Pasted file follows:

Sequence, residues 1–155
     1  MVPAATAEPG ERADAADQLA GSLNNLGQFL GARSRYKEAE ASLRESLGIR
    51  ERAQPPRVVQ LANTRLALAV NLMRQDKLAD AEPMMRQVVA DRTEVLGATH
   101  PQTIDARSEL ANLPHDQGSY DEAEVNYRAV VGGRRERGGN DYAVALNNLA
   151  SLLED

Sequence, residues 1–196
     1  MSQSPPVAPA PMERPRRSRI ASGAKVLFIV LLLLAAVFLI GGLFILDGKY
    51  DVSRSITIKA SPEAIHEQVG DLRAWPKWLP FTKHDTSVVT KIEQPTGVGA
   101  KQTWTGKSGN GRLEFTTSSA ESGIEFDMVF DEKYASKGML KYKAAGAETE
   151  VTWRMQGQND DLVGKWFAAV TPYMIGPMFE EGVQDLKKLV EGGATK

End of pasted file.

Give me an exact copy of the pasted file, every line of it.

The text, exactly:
Sequence, residues 1–155
     1  MVPAATAEPG ERADAADQLA GSLNNLGQFL GARSRYKEAE ASLRESLGIR
    51  ERAQPPRVVQ LANTRLALAV NLMRQDKLAD AEPMMRQVVA DRTEVLGATH
   101  PQTIDARSEL ANLPHDQGSY DEAEVNYRAV VGGRRERGGN DYAVALNNLA
   151  SLLED

Sequence, residues 1–196
     1  MSQSPPVAPA PMERPRRSRI ASGAKVLFIV LLLLAAVFLI GGLFILDGKY
    51  DVSRSITIKA SPEAIHEQVG DLRAWPKWLP FTKHDTSVVT KIEQPTGVGA
   101  KQTWTGKSGN GRLEFTTSSA ESGIEFDMVF DEKYASKGML KYKAAGAETE
   151  VTWRMQGQND DLVGKWFAAV TPYMIGPMFE EGVQDLKKLV EGGATK